Despite the economic downturn and global events more dramatic than any screenwriter could dream up, Hollywood is ending the year on an up note with movie box office grosses poised to set another record. Alan Silverman has this report on Hollywood in 2001

The most famous wizard since Merlin flew from the pages of author J.K. Rowling's international bestseller to become a big screen phenomenon. Harry Potter and the Sorcerer's Stone waved a magic wand to make records disappear in its meteoric rise up the box office chart, sharing the top spot with a computer-animated fantasy.

Shrek, a grumpy green ogre who rescues a princess and wins her heart, also captured the hearts of audiences. These mega hits were among five films with domestic ticket sales exceeding $200 million in 2001; but it was a "mixed year" for Hollywood according to Peter Bart, editor-in-chief of the show business paper Daily Variety.

"On the one hand, if you just look at film box office receipts, we're about nine percent ahead of where we were last year," he says. " That means more people are going to the movies and spending the higher ticket prices. A lot of people don't feel the quality of the films is equal to last year, but whatever those subjective views may be, the bottom line is it's been a strong year at the box office despite the recession."

Jerry Bruckheimer is one of the American film industry's most successful producers and his Pearl Harbor attacked by critics, went on to become a worldwide blockbuster.

"It's been a very successful year," says Mr. Bruckheimer. I think the media has beaten it up quite a bit saying it wasn't as good as last year; but I think it has been."

Bruckheimer sees the year's solid box office figures as proof Hollywood still gives audiences what they want to see or, more importantly, what they will pay to see.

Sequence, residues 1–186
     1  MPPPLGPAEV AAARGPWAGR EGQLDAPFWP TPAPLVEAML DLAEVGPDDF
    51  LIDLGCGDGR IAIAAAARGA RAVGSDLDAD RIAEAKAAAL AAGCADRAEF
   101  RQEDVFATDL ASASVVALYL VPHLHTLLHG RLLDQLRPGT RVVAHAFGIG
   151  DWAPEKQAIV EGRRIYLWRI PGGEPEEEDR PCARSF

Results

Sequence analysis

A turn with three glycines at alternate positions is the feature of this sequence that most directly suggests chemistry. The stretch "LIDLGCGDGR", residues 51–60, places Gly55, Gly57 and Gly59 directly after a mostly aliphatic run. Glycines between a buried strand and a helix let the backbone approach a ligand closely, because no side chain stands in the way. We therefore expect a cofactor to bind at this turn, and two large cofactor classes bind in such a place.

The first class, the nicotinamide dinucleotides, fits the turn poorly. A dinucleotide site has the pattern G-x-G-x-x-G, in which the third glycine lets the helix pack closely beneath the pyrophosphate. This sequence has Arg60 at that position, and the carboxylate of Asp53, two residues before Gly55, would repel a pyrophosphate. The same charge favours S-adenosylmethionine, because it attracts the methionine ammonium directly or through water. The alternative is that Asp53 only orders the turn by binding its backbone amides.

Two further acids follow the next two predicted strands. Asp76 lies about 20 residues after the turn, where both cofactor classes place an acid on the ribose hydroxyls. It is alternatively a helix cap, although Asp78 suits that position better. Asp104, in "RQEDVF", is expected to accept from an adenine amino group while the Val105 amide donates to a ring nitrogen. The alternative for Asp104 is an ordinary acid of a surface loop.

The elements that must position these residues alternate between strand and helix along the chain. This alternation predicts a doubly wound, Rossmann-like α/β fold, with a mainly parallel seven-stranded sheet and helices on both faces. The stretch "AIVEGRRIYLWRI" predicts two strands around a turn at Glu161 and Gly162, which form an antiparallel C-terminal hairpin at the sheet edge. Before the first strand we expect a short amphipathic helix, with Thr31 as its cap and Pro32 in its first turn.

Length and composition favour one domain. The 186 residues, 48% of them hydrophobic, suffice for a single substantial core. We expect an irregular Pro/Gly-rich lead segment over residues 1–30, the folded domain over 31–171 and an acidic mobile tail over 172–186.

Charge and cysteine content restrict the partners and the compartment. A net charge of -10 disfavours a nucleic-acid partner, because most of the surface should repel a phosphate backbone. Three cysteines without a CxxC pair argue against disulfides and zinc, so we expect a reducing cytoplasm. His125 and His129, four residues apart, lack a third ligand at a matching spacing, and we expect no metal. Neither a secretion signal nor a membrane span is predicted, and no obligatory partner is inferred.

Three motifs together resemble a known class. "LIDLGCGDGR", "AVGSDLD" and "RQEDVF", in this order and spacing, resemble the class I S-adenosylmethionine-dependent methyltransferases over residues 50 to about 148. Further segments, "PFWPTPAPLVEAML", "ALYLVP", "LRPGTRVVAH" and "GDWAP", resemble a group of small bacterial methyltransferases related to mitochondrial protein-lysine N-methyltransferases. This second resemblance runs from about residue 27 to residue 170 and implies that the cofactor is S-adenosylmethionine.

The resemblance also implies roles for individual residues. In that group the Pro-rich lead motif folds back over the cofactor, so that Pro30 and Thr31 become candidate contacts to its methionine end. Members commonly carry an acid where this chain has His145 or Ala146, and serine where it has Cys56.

"It's all about the movies we've been making [which] apparently have enticed audiences," he says. You have Harry Potter , Shrek, Lord of the Rings. So we've made movies that have filled the multiplexes and that's our job. Our job is to entertain people and take them away from their lives. I think with the world events you need hollywood more than ever now to make us forget about the tragedies and the tension that goes on in our daily lives."

Like every aspect of daily life, of course, the American entertainment industry was jolted by the September 11 attacks. Producer Bruckheimer, whose action-packed films are often criticized for their high levels of violence, acknowledges the change.

"There are individuals out there who don't like us and who don't want us on this earth. There are a lot of countries we can't film in any more. Americans aren't safe in certain parts of the world; we're not even safe in our own country. That affects our psyche and how we make movies."

Brian Grazer has produced dozens of hit films from Splash to How the Grinch Stole Christmas .

"I do think it's changed the industry," he says. "I think it's made us more aware of doing things that have redemption."

Mr. Grazer believes the post September 11 Hollywood is more receptive to uplifting stories of a character's inner strength and redemption.

"However you come to that place of redemption consciously or unconsciously, it has gotten us to have a greater social and moral conscience. In doing so, that being the umbrella thought, it has eliminated certain genres," he explains. "For example, I can't imagine people diving into the horror genre... or buildings and airplanes blowing up and all that kind of stuff that hyped up, steroided action is well watched right now. I think it's had that effect."

It's an attitude that may be short lived.

Several films pulled from release immediately after the attacks such as Arnold Schwarzenegger's terrorist-themed Collateral Damage are now scheduled to be in North American theaters within the first few months of 2002. Looking ahead to the next year, veteran industry observer Peter Bart predicts good news for Hollywood with some exceptions.

"The recession in the advertising business has put a big damper into television and I think that viewers should be alert to the cost cutting and other things that are going to be done because of that," he says. "Movies, by contrast have always been counter-recessionary and people in bad times tend to go to films more. I think that will continue to hold. Obviously the internet and all of the entertainment aspects of that have also been severely wounded by the bursting of that bubble. So I think it's going to be a spotty picture, but by and large a healthy one for next year."

Peter Bart is editor-in-chief of Daily Variety

Part of VOA's End Series for 2001